We Won! Triumphant Worship Songs
Judgment and the relevance of praise
About 30 years ago, being an immigrant from Denmark to the United States, I decided it was about time to learn something about the enigmas of American football. One evening some of my church members decided to initiate me. I learned lessons about God’s judgment and our praise.
“If anyone worships the beast” (Rev. 14:9) is heaven’s warning against false christs as symbolized by the beast symbol. In our eagerness to give this last-day warning to the world, is it possible that we sometimes have had more to say about the beast than about the Lamb? The book of Revelation shows the better way, with its witness to the power of true worship.
In the Courtroom
The inspiring courtroom scene of Revelation 4 and 5 depicts the enthronement, upon His ascension, of Jesus Christ, as the rightful ruler of the universe, as the vast assembled throng declares the supremacy of the exalted Lamb. This is the core of true worship, which is “seeing what God is worth and giving Him what He is worth.”1
In Revelation 1:9 John describes himself as a fellow sufferer with his parishioners. As their pastor he had shared their trials, witnessed daily injustices, and wondered, with them, why they suffered while Rome flourished.
But now John tells about Christ’s triumphal entry into heaven itself. No earthly government could top this. To guard against misinterpreting reality as they saw it, John shares with them an infinitely larger view of reality that includes events in heavenly places; a view no doubt intended to let them know that though the wrong is oft so strong, God is the ruler yet! This look at Christ’s enthronement in heaven’s open courtroom is also for our encouragement.
To comprehend more easily some of the issues of the cosmic conflict between Christ and Satan, I find it helpful to use a paradigm from the proceedings of probate courts where last wills and testaments are challenged and validated.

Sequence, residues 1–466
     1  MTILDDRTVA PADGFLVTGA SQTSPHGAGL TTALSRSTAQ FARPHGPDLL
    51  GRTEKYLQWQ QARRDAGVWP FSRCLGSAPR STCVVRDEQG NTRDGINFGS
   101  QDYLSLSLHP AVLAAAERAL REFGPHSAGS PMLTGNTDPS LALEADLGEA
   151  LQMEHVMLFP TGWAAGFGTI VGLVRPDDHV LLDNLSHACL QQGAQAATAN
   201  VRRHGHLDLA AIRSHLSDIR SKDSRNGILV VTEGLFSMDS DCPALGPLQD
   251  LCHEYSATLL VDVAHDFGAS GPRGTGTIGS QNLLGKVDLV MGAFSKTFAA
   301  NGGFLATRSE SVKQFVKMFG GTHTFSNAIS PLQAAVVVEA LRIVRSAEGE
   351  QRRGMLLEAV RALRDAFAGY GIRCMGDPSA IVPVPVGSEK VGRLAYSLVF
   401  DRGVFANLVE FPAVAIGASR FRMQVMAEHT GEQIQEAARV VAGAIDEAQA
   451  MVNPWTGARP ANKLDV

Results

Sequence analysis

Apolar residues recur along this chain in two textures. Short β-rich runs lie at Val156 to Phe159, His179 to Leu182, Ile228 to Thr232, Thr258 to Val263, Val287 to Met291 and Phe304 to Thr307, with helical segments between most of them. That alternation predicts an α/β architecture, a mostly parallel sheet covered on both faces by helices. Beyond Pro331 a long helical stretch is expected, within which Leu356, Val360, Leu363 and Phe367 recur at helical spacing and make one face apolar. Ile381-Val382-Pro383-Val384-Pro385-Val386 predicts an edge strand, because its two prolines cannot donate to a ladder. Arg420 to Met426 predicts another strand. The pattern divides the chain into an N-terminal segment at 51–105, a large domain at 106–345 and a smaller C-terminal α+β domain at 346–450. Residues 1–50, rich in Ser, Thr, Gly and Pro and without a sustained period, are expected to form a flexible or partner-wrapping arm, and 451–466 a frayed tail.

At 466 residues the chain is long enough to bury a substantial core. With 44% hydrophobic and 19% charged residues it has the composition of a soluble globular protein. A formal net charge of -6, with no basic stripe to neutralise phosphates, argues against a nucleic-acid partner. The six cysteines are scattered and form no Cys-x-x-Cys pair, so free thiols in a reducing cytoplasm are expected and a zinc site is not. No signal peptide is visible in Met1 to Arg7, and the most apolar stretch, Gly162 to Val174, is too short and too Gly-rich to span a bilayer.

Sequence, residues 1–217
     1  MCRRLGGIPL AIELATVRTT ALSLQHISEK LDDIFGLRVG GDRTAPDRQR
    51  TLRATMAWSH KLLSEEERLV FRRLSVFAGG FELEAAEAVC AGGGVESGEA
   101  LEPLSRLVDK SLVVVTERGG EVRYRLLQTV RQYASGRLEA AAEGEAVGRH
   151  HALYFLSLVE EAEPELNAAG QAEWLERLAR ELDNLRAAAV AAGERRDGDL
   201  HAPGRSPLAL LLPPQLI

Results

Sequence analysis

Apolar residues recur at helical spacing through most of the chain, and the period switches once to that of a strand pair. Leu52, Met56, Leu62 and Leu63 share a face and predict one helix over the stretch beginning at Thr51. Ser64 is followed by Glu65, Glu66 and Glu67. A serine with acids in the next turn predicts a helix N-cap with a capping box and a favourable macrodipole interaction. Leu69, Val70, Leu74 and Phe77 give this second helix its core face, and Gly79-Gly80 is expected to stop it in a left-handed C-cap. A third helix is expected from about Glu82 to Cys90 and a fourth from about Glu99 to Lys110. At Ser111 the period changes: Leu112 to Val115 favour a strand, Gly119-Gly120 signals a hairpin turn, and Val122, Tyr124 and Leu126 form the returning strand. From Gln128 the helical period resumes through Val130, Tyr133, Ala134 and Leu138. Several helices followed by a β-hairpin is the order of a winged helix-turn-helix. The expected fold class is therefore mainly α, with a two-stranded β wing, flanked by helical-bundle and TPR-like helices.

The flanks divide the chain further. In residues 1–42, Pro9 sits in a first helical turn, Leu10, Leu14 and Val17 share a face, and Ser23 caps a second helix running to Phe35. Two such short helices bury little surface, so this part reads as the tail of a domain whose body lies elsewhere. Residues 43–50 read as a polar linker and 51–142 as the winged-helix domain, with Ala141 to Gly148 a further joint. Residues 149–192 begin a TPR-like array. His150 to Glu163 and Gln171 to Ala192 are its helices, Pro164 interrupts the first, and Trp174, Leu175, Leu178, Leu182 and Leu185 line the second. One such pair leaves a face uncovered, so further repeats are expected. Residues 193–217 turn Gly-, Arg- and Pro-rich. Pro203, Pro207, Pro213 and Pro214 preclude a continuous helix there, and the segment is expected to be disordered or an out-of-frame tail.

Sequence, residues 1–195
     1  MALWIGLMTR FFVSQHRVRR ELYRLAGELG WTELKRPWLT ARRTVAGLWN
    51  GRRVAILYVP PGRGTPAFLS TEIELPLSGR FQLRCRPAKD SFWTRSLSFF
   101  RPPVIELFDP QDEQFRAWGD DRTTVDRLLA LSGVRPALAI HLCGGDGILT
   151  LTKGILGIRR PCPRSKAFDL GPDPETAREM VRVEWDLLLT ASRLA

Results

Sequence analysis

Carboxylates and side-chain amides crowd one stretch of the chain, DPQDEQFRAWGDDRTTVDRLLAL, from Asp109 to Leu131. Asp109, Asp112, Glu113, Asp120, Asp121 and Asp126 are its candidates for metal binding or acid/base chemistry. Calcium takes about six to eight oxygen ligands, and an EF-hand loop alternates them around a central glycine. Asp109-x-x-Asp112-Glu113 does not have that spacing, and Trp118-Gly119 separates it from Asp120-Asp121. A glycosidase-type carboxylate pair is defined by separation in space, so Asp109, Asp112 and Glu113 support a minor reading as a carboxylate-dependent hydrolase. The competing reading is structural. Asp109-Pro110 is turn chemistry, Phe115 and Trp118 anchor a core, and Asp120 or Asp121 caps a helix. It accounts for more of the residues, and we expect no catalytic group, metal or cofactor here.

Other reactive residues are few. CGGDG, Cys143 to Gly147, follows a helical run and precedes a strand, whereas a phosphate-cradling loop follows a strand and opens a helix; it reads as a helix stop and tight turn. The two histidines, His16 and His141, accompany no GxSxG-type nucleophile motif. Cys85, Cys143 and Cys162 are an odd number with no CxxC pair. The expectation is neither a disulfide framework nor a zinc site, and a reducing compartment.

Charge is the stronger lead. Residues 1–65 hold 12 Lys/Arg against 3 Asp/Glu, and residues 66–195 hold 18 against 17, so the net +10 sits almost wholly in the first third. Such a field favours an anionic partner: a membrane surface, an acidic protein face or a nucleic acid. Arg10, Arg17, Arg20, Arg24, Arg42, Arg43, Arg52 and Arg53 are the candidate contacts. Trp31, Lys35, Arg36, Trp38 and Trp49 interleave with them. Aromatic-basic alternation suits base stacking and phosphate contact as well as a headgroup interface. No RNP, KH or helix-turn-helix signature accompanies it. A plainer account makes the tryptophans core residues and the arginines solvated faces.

In Revelation 4 and 5, we find the following: (1) witnesses from heaven—four living creatures; (2) witnesses from earth—24 elders: probably resurrected saints who ascended with Christ as ‘first fruits’ (Eph. 4:8; Matt. 27:53); (3) the Judge—God the Father, qualified to hear the case, and worthy of worship because He is holy, as declared by the witnesses from heaven, the four living creatures (Rev. 4:8), who, along with witnesses from earth, declare Him to have jurisdiction in the matter (Rev. 4:11); (4) God’s last will and testament—the scroll, the Godhead’s intention to save, as expressed in the covenant established before the world’s foundation; (5) the jury—innumerable angels; the issues before the court—who is worthy to open the scroll (Rev. 5:2), and judicially qualified to dispense the covenant benefits therein to the rightfully designated.
Thinking of the scroll as a last will and testament about to be probated, we may ask, Were the testators (the Father and the Son) qualified to make a covenant of salvation for the benefit of sinners?2 Have the terms of the covenant been met? A will does not go into effect until and unless the testator has died (Heb. 9:16, 17). Who are the heirs named in the will, and how will they receive their inheritance?
Why John Weeps
Why did John weep at the angel’s challenge “Who is worthy to . . . open the scroll?” (Rev. 5:2). Was it because of his imprisonment on Patmos? Or because he was the last living and remaining apostle? Or because Jesus has not yet come back? Is he asking himself how long it will be before the heavenly Judge steps in and deals with all the world’s injustices?
Then one of the elders, a witness from earth, proclaims: “Do not weep.” Judah’s Lion “has prevailed to open the scroll [the covenant—God’s last will and testament], and to loose its seven seals” (Rev. 5:5, NKJV).3
But when John turns to look, he sees not a lion but a Lamb “as it had been slain” (verse 6, KJV). But to the assembly in the heavenly courtroom this is a cause not for weeping but for jubilant worship.